Excess weight isn’t just bad for athletes, it’s bad for anybody. Did you know that obesity puts a person at 50% higher risk of cancer? It brings a 70% higher risk of diabetes, and it pretty much doubles the danger of high blood pressure and heart disease.
These are all serious conditions, but do you know what is even more serious? The spiritual risk involved when your Christian life gets weighed down and encumbered by things that don’t belong there. Our text says, “Since we are surrounded by so great a cloud of witnesses, let us lay aside every weight, and the sin which so easily ensnares us, and let us run with endurance the race that is set before us.” [v.1]
Lay aside every weight—in other words, don’t let peripheral things detract from and distract you from the main thing. Alexander the Great learned that the hard way. In the 4th century B.C., his army was advancing on Persia. At one critical point, it appeared that his troops might be defeated. The soldiers had taken so much plunder from their previous campaigns that they had become weighed down and were losing their effectiveness in combat. Alexander immediately commanded that all the spoils be thrown into a heap and burned. The men complained bitterly, but they soon came to see the wisdom of the order. One historian wrote, “It was as if wings had been given to them—they walked lightly again, and victory was assured.”
The Christian life is an endurance race. So let me ask you this: “What baggage is weighing you down? What material things are you allowing to encroach on your life as a Christian and distract you from the main thing? Which possessions, which hobbies, which relationships are you allowing to come between you and your Savior? Our text says, “let us lay aside every weight, and the sin which so easily ensnares us.”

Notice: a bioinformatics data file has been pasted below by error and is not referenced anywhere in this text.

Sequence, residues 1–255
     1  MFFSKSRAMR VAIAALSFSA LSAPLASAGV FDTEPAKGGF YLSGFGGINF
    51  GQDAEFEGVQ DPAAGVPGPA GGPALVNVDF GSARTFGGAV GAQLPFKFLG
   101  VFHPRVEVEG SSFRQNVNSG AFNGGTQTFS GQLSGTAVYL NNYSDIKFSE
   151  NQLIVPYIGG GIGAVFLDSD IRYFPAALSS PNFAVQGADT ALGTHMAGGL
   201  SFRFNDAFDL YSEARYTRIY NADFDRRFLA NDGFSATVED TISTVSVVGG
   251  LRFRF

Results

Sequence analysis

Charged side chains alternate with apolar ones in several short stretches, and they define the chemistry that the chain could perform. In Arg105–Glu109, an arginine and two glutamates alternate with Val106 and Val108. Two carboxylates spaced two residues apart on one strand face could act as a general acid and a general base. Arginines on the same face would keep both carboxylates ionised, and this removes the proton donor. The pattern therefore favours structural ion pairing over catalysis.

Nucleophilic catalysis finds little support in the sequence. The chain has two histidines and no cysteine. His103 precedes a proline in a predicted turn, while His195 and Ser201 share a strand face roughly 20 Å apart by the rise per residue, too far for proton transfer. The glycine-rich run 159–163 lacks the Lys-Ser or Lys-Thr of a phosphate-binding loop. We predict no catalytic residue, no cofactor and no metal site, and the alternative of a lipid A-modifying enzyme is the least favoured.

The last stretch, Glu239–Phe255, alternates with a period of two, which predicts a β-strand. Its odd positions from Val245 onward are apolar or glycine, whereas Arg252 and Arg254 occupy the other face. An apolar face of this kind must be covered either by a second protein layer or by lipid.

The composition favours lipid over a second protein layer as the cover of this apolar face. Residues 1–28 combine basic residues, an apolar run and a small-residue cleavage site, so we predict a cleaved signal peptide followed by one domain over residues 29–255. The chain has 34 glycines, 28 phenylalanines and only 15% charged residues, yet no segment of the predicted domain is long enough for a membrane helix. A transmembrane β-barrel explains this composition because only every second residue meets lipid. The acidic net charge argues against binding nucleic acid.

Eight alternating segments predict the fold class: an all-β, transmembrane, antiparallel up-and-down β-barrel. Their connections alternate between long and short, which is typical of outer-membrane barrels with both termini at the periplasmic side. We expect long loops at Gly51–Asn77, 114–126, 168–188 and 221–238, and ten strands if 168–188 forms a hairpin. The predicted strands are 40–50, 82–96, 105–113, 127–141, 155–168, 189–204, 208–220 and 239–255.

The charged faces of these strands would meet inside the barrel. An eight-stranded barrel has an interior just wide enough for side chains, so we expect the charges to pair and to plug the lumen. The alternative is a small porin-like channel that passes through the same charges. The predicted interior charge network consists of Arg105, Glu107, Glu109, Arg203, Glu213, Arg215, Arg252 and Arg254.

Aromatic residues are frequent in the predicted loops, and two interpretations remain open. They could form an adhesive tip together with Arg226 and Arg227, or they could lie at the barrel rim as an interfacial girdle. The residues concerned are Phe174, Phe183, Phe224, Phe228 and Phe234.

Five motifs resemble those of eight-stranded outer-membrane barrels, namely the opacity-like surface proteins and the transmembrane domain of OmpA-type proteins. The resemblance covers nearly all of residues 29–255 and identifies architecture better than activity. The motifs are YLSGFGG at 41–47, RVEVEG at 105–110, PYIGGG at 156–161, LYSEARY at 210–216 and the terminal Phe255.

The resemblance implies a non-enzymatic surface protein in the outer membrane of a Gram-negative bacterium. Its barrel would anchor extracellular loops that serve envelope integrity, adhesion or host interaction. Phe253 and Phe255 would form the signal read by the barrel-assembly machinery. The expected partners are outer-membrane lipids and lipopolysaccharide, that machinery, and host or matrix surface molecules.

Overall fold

“Ensnares” is an interesting word. It’s a word that means something that cleverly places itself around your feet and entangles you, tripping you up. Do you have sins like that? Pet sins that you have a hard time giving up? Lose the weight! Get rid of those things. It’s not safe to keep them around! John says in his first epistle, “Do not love the world or the things in the world. If anyone loves the world, the love of the Father is not in him.For all that is in the world—the lust of the flesh, the lust of the eyes, and the pride of life--is not of the Father but is of the world.And the world is passing away, and the lust of it; but he who does the will of God abides forever.” (1 John 2:15-17).
We have to admit that we’ve at times been far too cozy with the sinful ways of the world—much too weighed down with the cares and pleasures of this life. So how do we solve that? Where do we look for the power to change our lives, to slim down spiritually, and run the kind of race God wants us to run? Remember that the Christian life is an endurance race and the second key to running it is: Learn from champions. The writer says, “let us run with endurance the race that is set before us, looking unto Jesus, the author and finisher of our faith, who for the joy that was set before Him endured the cross, despising the shame.” [v.2]
Looking unto Jesus. The writer speaks in chapter 11 about all the Old Testament champions of faith—people who ran the race, who often endured great suffering, and emerged triumphant. They are champions—heroes we can look up to and from whom we can draw inspiration. But how did they do what they did? Well, says the writer, they had a Champion, too. They believed in the promise of a Savior. They looked forward, in faith, to Jesus Christ, the Lamb of God who would one day arrive to take away the sins of the world. He’s our Champion, too. He’s the one we need to direct our attention to.